Category Archives: anti-pattern

Don’t force them, teach them

Working with a large Java legacy codebase lately, I spotted a couple of anti-patterns. Following are three of most annoying and ubiquitous ones.

Numberosus Constantitis

A lot of classes define these constants at the beginning:

private static final int NUMBER_3 = 3;
private static final int NUMBER_4 = 4;
private static final int NUMBER_5 = 5;
private static final int NUMBER_6 = 6;
private static final int NUMBER_7 = 7;
/* ... snip ... */
private static final int NUMBER_17 = 17;
private static final int NUMBER_18 = 18;

which are then used like this:

PreparedStatement ps = ....
ps.setString(NUMBER_4, dto.getUser());
ps.setString(NUMBER_5, dto.getRole());
ps.setString(NUMBER_6, dto.getReason1());
ps.setString(NUMBER_7, dto.getActivityType());
ps.setString(NUMBER_8, dto.getReason2());
ps.setString(NUMBER_9, dto.getActivityType());

or like this:

List<ReportXDetailDto>[] result = new ArrayList[NUMBER_OF_LOOPS];
result[0] = getRedRisk(criteria);
result[1] = getOrangeRisk(criteria);
result[2] = getYellowRisk(criteria);
result[NUMBER_3] = getBlueRisk(criteria);
result[NUMBER_4] = getWhiteRisk(criteria);

Why? Oh why?–you say… It’s because the IT Management appointed checkstyle and checkstyle has been configured to complain about Magic Numbers.

Checkstyle skips 0, 1, and 2 by default as too frequent, that’s why only numbers from 3 up are defined as constants here.

The developers did not bother to replace the Magic Numbers with some meaningful constants, they just got rid of the warning with a couple of what should rather be called “refucktorings”.

As an added bonus to the last block of code, the NUMBER_OF_LOOPS constant is read from configuration file, so theoretically there could be other number of results, but the code here is hardcoded to provide 5 of them. I suspect that the NUMBER_OF_LOOPS was meant for something else, but since it happened to have the desired value, it has been “reused”.

StringBuilderosus Misunderstanditis

Another case is ubiquitous overuse of StringBuilder/StringBuffer:

StringBuilder sql = new StringBuilder();
sql.append("insert into xyz_object_groups values (");
sql.append("xyz_object_groups_seq.nextval, ");
sql.append(":objGrp, ");
sql.append(":desc, ");
sql.append(":object, ");
sql.append(":mainObject, ");
sql.append(":closed, ");
sql.append(":closedWeek)");
Query query = getEntityManager().createNativeQuery(sql.toString());

The developers probably heard somewhere that “you should use StringBuilder for string concatenation” and followed that advice religiously, ignoring the fact that it’s only applicable for string concatenation inside a loop.

What’s even worse, if the code was written like this:

String sql = "insert into xyz_object_groups values (" +
             "xyz_object_groups_seq.nextval, " +
             ":objGrp, " +
             ":desc, " +
             ":object, " +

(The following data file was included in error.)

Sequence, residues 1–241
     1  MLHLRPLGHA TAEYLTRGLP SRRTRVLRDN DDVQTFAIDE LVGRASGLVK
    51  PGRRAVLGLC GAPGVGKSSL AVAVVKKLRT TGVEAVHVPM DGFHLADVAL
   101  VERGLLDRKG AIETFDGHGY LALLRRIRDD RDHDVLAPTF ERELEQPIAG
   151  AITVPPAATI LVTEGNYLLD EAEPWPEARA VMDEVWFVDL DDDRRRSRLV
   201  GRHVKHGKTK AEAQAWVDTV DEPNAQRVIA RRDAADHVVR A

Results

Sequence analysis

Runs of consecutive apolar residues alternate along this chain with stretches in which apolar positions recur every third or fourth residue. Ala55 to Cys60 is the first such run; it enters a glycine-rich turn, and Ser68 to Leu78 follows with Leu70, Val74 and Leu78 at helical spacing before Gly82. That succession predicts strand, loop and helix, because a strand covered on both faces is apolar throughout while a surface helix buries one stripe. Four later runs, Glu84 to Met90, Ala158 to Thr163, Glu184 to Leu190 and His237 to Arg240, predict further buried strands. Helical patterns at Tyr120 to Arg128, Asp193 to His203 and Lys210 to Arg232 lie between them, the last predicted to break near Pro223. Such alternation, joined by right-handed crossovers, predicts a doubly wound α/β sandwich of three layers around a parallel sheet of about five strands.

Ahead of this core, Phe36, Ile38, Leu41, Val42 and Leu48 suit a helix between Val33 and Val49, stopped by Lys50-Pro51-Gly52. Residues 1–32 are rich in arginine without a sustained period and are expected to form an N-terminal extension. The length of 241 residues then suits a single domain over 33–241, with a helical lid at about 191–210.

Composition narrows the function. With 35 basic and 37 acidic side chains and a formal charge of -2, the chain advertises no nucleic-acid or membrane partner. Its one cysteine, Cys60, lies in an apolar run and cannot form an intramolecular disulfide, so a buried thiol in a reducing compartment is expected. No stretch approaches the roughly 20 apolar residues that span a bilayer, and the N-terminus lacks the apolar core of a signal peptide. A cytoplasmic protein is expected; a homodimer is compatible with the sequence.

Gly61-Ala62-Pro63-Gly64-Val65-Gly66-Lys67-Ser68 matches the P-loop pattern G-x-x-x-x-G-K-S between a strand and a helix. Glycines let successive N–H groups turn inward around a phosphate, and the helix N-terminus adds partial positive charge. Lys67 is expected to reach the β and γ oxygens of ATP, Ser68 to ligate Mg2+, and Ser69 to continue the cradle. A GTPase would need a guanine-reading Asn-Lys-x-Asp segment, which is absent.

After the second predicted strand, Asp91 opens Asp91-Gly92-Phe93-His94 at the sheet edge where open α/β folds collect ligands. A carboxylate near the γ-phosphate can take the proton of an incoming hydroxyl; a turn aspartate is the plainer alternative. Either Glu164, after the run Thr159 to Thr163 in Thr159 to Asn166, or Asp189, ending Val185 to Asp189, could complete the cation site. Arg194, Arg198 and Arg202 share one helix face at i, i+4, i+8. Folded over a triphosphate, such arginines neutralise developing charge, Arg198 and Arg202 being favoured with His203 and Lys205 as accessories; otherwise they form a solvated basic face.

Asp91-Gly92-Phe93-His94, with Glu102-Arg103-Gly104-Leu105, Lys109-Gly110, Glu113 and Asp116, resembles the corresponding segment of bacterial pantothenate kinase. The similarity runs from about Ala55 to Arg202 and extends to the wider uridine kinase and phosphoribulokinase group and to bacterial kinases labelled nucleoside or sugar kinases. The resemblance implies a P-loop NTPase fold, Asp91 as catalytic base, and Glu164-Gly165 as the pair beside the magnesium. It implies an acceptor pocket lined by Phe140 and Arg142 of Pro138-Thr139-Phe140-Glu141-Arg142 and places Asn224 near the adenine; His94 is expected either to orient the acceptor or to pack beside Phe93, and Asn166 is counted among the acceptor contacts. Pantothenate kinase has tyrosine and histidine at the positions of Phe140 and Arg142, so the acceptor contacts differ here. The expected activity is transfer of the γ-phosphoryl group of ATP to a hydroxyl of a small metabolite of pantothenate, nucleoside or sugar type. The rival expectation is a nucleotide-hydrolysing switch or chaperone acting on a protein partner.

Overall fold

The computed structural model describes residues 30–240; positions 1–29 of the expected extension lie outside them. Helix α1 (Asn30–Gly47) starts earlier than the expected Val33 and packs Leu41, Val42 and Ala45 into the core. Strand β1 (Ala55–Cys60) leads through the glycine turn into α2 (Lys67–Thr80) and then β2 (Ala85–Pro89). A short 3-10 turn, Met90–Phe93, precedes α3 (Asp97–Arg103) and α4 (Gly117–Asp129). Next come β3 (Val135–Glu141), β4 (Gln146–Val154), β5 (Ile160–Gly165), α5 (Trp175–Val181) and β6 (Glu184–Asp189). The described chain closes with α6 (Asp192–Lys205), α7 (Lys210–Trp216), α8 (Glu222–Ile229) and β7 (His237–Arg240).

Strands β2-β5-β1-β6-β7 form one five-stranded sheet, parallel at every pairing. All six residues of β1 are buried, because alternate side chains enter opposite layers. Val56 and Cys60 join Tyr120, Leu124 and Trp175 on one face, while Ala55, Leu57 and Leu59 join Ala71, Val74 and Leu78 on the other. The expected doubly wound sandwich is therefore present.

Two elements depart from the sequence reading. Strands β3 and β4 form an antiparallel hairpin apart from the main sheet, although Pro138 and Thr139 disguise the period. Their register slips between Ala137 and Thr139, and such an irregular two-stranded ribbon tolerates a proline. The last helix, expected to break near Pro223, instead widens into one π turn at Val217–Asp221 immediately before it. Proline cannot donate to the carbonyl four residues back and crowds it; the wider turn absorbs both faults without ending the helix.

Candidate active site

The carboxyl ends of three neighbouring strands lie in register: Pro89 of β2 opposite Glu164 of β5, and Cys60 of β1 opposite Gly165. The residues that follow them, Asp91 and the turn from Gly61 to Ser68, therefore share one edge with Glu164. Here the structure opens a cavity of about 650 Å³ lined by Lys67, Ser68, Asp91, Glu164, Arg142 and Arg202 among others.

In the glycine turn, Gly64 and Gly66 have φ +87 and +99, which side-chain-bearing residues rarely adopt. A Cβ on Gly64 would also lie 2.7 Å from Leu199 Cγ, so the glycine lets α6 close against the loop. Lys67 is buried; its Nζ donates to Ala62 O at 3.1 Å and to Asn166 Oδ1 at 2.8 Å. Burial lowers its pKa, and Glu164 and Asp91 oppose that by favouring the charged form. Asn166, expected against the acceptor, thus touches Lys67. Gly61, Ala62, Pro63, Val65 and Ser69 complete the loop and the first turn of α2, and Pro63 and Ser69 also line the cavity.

":mainObject, " +
             ":closed, " +
             ":closedWeek)";
Query query = getEntityManager().createNativeQuery(sql);

it would not only be more readable, but also more efficient (static strings are concatenated by the compiler). There’s a lot of information on this topic on the Internet, but apparently some developers are google-impaired.

Obviousus Commentitis

The comment to code ratio in the codebase is quite high, but the comments are either large blocks of code that were commented out years ago or blindingly obvious comments like this:

synchronized (ranger) { /* Start of synchronized block */

// get form
XYZManageForm xyzManageForm = (XYZManageForm) form;

// get context
XYZViewRequestContext viewRequestContext = xyzViewActionContext.getRequestContext(request);

// set xyz for view in request context
viewRequestContext.setXyz(xyz);
// update xyz
xyz = xyzServices.updateXYZ(xyz, LogonUtil.getUserDto());

// set the xyz id to the context
context.setXyzId(xyzManageForm.getXyzId());

Note: XYZ is not an actual name.

So, the code is sprinkled generously with comments that might be useful only to someone without any knowledge of Java syntax whatsoever (but then how would they know what is a comment?) but if you check how much of the public API has javadoc, it’s less than 5%.

Conclusion

You can’t force the developers to write better code just by forcing the use of metrics, coding conventions, standards etc. You need to educate them. They need to understand the rationale behind each rule or advice and accept them. Otherwise they will game the metrics out of laziness or maliciousness and you’ll get code like above.

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Palace Driven Development

A poor man and a rich man wanted to roast a rabbit. The poor man lit a bonfire, put the rabbit on a stick and sat by the fire holding the stick. The rich man snorted at such a simplistic rabbit roasting: What if rain comes while I’m roasting? What if somebody attacks me and steals my rabbit? I need something much more professional!Burj al Arab (Dubai, UAE)

So he decided to build a small hut to protect his bonfire. He hired some builders, and they convinced him that such a dignified man needs a real stove, not a shabby bonfire. He also needed an elegant dining room, or else he’s going to eat his roasted rabbit sitting on the sand. They agreed on the price and set on building the house.
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each-require anti-pattern

This is going to be a little rant. This little anti-pattern I see all over in Ruby code by various people:

%w{yaml fileutils}.each { |lib| require lib }

I cannot understand why do people write it like this. This is neither shorter nor easier to read than the ‘normal’ version:

require 'yaml' 
require 'fileutils'

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